Pay Me

When a ship came into port it needed to offload its cargo, which involved longshoremen or stevedores.  The captains or masters of the vessels would promise pay as soon as the job was done, but sometimes the ship would slip its mooring or dockside in the night, thus avoiding paying the stevedores.  This song can thus be seen as a formal complaint or union expression.  Composed by Lydia A. Parrish, (c)1942, Hollis Music, Inc, NY, NY.

 

Chorus:
Pay me, pay me
Pay me my money down
Pay me or go to jail
Pay me my money down

I thought I heard our captain say
Pay me my money down
Tomorrow is our salary day
Pay me my money down

Chorus:

Soon as the boat was clear of the bar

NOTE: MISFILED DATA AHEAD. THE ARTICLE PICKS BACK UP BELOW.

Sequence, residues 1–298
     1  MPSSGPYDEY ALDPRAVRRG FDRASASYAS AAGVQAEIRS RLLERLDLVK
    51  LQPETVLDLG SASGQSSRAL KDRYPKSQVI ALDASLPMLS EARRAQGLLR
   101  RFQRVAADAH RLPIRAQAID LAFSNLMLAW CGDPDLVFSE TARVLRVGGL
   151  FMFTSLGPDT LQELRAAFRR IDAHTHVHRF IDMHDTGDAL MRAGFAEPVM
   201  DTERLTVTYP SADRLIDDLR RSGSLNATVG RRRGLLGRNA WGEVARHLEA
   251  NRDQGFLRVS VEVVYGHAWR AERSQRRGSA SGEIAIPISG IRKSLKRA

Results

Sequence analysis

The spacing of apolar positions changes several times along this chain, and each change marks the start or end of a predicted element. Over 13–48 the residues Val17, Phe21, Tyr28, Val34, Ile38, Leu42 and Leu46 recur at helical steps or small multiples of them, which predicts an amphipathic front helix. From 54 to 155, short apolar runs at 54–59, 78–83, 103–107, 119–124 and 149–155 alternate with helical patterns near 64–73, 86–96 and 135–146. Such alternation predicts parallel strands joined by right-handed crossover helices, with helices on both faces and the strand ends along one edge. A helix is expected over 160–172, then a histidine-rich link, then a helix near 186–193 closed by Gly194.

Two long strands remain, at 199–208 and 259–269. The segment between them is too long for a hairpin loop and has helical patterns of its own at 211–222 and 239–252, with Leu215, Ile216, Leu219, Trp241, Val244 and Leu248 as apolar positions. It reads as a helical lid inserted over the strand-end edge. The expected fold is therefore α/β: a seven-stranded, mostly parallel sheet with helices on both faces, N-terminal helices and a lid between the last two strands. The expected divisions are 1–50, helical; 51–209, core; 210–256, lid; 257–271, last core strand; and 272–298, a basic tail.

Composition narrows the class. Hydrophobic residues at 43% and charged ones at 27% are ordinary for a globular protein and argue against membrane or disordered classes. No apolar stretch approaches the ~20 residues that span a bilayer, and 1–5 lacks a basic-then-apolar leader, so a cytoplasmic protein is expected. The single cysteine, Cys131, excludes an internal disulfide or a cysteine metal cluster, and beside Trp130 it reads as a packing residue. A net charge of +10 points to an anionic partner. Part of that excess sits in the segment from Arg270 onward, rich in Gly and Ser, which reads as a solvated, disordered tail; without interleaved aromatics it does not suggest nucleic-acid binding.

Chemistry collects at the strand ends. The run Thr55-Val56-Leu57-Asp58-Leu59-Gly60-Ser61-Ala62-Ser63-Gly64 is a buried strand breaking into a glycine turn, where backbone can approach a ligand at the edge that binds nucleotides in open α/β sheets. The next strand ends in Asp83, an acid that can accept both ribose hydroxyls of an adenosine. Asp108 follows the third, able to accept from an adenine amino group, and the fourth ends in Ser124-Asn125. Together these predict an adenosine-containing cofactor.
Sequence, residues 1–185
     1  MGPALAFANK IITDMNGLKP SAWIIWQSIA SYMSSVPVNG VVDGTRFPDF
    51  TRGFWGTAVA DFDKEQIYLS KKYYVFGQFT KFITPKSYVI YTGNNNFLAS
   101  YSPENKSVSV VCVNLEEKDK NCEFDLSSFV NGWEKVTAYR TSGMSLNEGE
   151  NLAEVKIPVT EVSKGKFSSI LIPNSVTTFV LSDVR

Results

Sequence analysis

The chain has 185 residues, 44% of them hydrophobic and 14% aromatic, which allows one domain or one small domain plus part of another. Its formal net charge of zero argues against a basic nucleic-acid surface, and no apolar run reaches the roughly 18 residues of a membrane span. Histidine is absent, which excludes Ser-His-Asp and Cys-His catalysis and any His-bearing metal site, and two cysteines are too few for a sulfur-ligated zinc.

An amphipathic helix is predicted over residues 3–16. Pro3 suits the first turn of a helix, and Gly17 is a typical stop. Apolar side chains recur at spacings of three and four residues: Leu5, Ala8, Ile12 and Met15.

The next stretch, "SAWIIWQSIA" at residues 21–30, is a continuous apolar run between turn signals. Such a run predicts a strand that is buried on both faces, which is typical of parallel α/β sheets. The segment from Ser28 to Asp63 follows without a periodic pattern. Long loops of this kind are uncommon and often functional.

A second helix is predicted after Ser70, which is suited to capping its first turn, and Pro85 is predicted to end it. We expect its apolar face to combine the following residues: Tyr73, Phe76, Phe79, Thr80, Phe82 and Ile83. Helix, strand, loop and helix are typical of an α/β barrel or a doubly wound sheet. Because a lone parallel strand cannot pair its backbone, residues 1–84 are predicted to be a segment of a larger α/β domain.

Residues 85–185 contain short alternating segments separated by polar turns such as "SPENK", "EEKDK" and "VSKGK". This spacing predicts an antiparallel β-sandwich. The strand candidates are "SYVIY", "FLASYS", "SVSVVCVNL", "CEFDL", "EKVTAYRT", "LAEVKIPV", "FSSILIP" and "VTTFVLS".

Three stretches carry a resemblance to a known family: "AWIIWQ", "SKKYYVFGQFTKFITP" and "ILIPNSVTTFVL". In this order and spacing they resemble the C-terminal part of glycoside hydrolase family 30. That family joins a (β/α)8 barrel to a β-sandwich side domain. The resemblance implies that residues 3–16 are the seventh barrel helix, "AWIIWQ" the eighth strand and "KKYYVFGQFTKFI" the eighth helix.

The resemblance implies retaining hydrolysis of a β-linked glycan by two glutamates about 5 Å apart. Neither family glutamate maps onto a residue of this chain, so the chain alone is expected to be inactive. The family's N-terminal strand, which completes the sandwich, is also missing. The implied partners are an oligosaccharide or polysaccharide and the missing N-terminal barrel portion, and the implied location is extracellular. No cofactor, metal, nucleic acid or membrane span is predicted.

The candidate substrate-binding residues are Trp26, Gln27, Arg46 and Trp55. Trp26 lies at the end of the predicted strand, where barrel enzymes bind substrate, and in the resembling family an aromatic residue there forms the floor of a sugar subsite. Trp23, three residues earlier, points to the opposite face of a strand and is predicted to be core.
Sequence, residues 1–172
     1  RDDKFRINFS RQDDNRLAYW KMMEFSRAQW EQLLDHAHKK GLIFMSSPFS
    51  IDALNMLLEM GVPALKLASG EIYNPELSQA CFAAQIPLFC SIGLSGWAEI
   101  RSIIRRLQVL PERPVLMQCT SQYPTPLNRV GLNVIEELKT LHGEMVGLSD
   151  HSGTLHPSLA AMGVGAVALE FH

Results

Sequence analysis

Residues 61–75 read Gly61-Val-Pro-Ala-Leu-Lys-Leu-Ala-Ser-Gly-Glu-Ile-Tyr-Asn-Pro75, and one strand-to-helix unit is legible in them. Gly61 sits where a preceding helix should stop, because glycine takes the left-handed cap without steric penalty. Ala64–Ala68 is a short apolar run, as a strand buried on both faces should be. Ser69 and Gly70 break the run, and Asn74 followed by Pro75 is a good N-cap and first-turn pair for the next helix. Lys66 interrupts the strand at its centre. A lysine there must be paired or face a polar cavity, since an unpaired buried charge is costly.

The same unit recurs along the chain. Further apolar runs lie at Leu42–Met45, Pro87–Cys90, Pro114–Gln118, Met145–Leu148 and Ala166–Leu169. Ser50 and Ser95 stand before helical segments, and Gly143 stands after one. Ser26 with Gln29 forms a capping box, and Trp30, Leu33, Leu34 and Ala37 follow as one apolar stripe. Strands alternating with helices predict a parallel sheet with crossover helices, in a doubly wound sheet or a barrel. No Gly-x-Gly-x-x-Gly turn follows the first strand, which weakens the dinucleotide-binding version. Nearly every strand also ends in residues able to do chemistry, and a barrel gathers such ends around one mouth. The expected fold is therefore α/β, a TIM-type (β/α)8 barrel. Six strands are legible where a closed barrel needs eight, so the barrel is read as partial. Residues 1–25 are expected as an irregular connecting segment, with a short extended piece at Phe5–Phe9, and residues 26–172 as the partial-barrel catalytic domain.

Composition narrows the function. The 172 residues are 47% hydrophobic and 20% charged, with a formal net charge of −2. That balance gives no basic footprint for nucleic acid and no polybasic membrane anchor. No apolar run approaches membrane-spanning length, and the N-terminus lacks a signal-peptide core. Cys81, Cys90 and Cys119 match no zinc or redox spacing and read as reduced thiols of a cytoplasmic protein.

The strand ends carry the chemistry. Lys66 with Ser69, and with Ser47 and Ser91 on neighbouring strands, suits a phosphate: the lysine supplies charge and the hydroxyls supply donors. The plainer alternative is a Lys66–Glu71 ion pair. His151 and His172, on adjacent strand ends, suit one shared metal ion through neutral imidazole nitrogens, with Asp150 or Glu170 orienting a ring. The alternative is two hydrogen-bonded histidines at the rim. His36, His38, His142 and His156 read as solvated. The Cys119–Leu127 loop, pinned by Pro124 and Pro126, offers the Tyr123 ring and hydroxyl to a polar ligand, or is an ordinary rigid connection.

Pay me my money down
He knocked me down with the end of a spar
Pay me my money down

Chorus:

How I wish that the boss was blind
Pay me my money down
I wouldn’t go to work until a-half past nine
Pay me my money down.

Chorus:

Wish I was the boss’ son,
Pay me my money down,
Sit in the house and drink good rum,
Pay me my money down

Chorus:

I wish I was the captain’s son
Pay me my money down,
Sit on the bank and watch the work done,
Pay me my money down

Chorus:

You Pay me, you owe me!
Pay me my money down
Pay me or you’re going to jail!
Pay me my money down!

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